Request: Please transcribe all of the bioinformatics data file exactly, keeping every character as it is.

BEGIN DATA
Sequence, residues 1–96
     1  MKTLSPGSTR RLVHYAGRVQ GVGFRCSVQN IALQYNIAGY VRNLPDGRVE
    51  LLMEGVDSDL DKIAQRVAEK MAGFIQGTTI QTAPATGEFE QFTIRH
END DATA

Sequence, residues 1–96
     1  MKTLSPGSTR RLVHYAGRVQ GVGFRCSVQN IALQYNIAGY VRNLPDGRVE
    51  LLMEGVDSDL DKIAQRVAEK MAGFIQGTTI QTAPATGEFE QFTIRH